Starting with Obama’s Inauguration in 2009, it seems as if every public intellectual, public school teacher and education reformer felt that a new day in public education had arrived.. Gone would be the punitive NCLB law with its coercive mandates and demeaning labeling that goes with those measures. Although the Administration has advanced new education policy measures, NCLB is still in existence and countless critics have argued that some, namely Race to The Top (RtTT) are as bad, if not worse than the previous Administration’s policies concerning public education.
The largest numbers of hopeful people were public school teachers. Public school teachers are overwhelmingly Democratic and their Unions (both the American Federation of Teachers (AFT) and the National Education Association (NEA) contributed greatly to the Democratic Party and Obama’s Campaign. What have they received in return?
If one were to do a survey of public school teachers today, they would probably respond that the return on their investment has not yielded much, if anything positive. In fact, many would say things have gotten worse. Doing a simple Google search, over the past month the words public school and; “teachers sabotaged” (35k) “teacher bashing” (40k), “teacher failure” (3.4million) and “bad teachers” (3.8million) have shown up in the public discourse more than “Lady Gaga” (144k) and “Whitney Houston” (237k) combined. What does this mean?
At the very least, looking at the raw numbers, one can conclude that there is currently a large amount of public discussion centered on the efficacy and influence of public school teachers. What is problematic is that “good” teachers either self-identified or otherwise, are generally the ones leading the chorus of cries about teachers being mistreated, bashed, sabotaged and labeled failures. Absent from this discussion are the teachers who perform poorly, do no help students succeed, and do not serve their profession well. Where are their voices? When do we actually hear from those who are the ones all of these policy changes and accountability are supposed to flush out?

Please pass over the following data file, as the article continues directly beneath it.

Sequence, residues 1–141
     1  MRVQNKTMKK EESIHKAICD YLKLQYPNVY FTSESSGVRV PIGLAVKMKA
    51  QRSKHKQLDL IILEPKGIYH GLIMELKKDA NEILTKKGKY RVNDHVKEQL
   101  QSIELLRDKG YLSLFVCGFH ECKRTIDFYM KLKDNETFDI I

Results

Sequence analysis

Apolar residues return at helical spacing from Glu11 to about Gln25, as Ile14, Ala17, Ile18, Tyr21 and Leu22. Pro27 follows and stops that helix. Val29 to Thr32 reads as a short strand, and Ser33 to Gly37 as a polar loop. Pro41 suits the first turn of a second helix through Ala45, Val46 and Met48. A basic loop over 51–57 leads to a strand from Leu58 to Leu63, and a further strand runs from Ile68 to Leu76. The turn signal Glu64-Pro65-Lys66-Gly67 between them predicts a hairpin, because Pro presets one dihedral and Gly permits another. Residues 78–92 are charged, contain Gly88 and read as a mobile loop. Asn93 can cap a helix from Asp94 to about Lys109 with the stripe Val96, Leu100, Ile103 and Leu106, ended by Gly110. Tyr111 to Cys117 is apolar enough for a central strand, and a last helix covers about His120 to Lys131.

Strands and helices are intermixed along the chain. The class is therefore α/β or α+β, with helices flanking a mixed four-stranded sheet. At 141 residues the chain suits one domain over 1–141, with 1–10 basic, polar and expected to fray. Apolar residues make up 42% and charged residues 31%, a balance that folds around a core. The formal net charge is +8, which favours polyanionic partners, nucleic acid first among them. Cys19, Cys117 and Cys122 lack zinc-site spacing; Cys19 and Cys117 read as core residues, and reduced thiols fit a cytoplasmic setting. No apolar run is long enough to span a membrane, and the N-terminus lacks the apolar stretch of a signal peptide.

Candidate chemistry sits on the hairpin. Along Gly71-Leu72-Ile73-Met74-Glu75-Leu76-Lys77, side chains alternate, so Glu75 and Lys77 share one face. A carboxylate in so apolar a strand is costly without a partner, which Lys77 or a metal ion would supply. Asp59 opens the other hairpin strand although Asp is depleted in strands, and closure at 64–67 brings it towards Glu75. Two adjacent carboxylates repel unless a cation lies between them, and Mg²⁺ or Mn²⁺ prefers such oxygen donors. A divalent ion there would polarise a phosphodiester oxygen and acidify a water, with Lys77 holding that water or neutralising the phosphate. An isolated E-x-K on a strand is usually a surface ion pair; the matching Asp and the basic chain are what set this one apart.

Poor performing teacher voices are silent. They are not the ones who write into the The New York Times (see: Confessions of a “Bad Teacher” - http://tinyurl.com/7bdgt9d and Hard Working Teachers, Sabotaged When Student Test Scores Slip http://tinyurl.com/7cs28ct as two recent examples). They are not the ones who March on Washington (See http://www.saveourschoolsmarch.org/). They are the ones who languish behind closed doors, out of the public eye and the public arena, and continue to contribute to the downfall of public education in this country.
While it is admirable for “good” teachers to stand up to “being bullied,” they also need to tell the truth. Not everyone in the profession is as high achieving, motivated and disciplined as those who continue to feel bashed, and those who comment so frequently in the public arena. Rather than feeling inadequate and less than, perhaps it is time for the good teachers to not just call out those who need assistance, but at the very least, admit they exist. To deny their existence is to continue to deny the reality of the profession. It also makes good public school teachers susceptible to feeling that when the public discourse speaks of inadequate and ineffective teachers, that they are talking to you. It is time to start snitching and start telling the truth.